by Carolyn Schmitt

Exodus 16:1-36 and Numbers 11:1-34 both tell about the Israelites complaining to Moses and Aaron about not having the kind of food available to them when they were slaves in Egypt. 

And the children of Israel said to them, “Oh, that we had died by the hand of the Lord in the land of Egypt, when we sat by the pots of meat and when we ate bread to the full! For you have brought us out into this wilderness to kill this whole assembly with hunger. Exodus 16:3


Then the Lord said to Moses, “Behold, I will rain bread from heaven for you. And the people shall go out and gather a certain quota every day, that I may test them, whether they will walk in My law or not. And it shall be on the sixth day that they shall prepare what they bring in, and it shall be twice as much as they gather daily.” Exodus 16:4-5


And the Lord spoke to Moses, saying, “I have heard the complaints of the children of Israel. Speak to them, saying, ‘At twilight you shall eat meat, and in the morning you shall be filled with bread. And you shall know that I am the Lord your God.’ and in the morning the dew lay all around the camp. And when the layer of dew lifted, there, on the surface of the wilderness, was a small round substance, as fine as frost on the ground. So when the children of Israel saw it, they said to one another, “What is it?” For they did not know what it was.

And Moses said to them, “This is the bread which the Lord has given you to eat. This is the thing which the Lord has commanded: ‘Let every man gather it according to each one’s need, one omer for each person, according to the number of persons; let every man take for those who are in his tent.’ ” Exodus 16:11-16


In the Lord’s Prayer there is a change in pronouns: The first three petitions have the pronoun “your”, about God’s name being hallowed, His kingdom coming and His will being done on earth as it is in heaven. The next three pronouns are “us”, about our need for daily bread, forgiveness of our debts, and protection from temptation.  The first three are a request for what happens in heaven that it will also happen on earth, and the next three are what is needed by us who live on earth. 

In the request, “Give us this day our daily bread”, my research brought to light a variety of responses to what it meant when Jesus spoke it to the people then and what it may mean to us in our time.  Taken literally, it might  mean that we should only have on hand what we can eat up in a day and we should not be making sure that we have food on hand to fix for us or our family the next day or beyond.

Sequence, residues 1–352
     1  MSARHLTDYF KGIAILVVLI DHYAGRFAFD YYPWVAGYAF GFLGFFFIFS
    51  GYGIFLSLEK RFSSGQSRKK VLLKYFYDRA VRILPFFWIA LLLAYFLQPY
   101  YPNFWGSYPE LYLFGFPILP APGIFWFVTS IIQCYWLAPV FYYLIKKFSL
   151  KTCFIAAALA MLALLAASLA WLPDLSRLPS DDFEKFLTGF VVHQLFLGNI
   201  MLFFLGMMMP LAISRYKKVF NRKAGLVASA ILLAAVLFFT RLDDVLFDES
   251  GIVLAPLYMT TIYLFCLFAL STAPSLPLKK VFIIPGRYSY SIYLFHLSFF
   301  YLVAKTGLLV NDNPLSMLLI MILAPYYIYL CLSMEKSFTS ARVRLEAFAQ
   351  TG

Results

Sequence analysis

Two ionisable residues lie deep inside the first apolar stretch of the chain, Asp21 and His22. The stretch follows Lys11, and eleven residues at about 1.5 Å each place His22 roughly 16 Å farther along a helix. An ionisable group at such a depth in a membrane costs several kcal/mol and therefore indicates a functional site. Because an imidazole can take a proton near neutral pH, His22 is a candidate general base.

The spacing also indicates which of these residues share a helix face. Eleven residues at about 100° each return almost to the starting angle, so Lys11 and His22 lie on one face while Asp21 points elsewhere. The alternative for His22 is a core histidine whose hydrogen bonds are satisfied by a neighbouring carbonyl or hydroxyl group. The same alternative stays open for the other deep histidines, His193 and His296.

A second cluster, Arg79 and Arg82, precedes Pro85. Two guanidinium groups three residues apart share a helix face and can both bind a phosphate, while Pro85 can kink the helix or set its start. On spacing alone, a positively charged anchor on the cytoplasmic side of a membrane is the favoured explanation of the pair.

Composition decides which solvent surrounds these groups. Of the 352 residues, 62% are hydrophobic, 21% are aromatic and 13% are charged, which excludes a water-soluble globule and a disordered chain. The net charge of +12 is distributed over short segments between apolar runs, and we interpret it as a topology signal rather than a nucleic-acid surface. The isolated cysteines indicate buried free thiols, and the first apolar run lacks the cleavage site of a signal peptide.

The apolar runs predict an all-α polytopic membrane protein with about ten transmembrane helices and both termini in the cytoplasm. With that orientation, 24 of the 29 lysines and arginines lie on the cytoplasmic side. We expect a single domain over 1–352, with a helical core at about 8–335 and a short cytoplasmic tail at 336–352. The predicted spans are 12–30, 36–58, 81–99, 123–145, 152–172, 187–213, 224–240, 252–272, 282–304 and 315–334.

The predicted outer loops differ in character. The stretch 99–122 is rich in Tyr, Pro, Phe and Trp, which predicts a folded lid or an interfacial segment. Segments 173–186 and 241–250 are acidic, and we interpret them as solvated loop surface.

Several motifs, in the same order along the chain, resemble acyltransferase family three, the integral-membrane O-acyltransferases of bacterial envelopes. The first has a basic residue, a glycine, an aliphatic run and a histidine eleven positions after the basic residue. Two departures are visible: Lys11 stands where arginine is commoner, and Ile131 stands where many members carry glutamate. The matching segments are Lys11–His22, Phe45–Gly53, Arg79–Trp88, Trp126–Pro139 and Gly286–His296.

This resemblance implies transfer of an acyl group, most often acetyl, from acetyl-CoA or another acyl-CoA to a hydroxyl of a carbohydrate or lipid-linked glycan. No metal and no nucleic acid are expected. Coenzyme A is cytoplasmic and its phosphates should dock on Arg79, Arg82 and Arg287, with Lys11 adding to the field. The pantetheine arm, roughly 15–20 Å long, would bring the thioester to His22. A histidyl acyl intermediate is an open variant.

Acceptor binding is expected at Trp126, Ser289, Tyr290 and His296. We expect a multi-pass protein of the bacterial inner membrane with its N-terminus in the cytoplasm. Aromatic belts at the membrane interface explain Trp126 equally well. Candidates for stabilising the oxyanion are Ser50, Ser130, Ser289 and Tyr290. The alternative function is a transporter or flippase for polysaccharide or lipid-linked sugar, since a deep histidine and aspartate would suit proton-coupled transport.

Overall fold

I remember on our farm we always kept what are called, “staples” in the house.  They were basic ingredients that we could use to make various kinds of bread. They included flour, salt, yeast, baking powder, lard, and milk from our cows, eggs from our chickens, butter and buttermilk from our own making.  Our farm was 10 miles from town, so it would have been unrealistic to go somewhere every day to get our “daily bread”.  

I lived  for a time in a small town where  the grocery store was walking distance from our house. Even after moving to Denver in 1953, the grocery store was only 4 blocks from home.  Food still had to be prepared.  There were no fast food or take out shops for convenience.  

Something that was mentioned in several sources was that this prayer might mean praying for how God makes it possible for farmers to grow food and for people who do the work of processing, packaging, transporting and making food available to buy.  

It might mean that, unlike the Israelites who complained about what they didn’t have,  we are to cultivate an attitude of thankfulness to God for all who labor for what we do have.

I had forgotten until I looked it up that the Israelites only received the food the Lord provided them from heaven during their 40 year sojourn in the wilderness. 


Now the children of Israel camped in Gilgal, and kept the Passover on the fourteenth day of the month at twilight on the plains of Jericho. And they ate of the produce of the land on the day after the Passover, unleavened bread and parched grain, on the very same day. Then the manna ceased on the day after they had eaten the produce of the land; and the children of Israel no longer had manna, but they ate the food of the land of Canaan that year. Joshua 5:10-12


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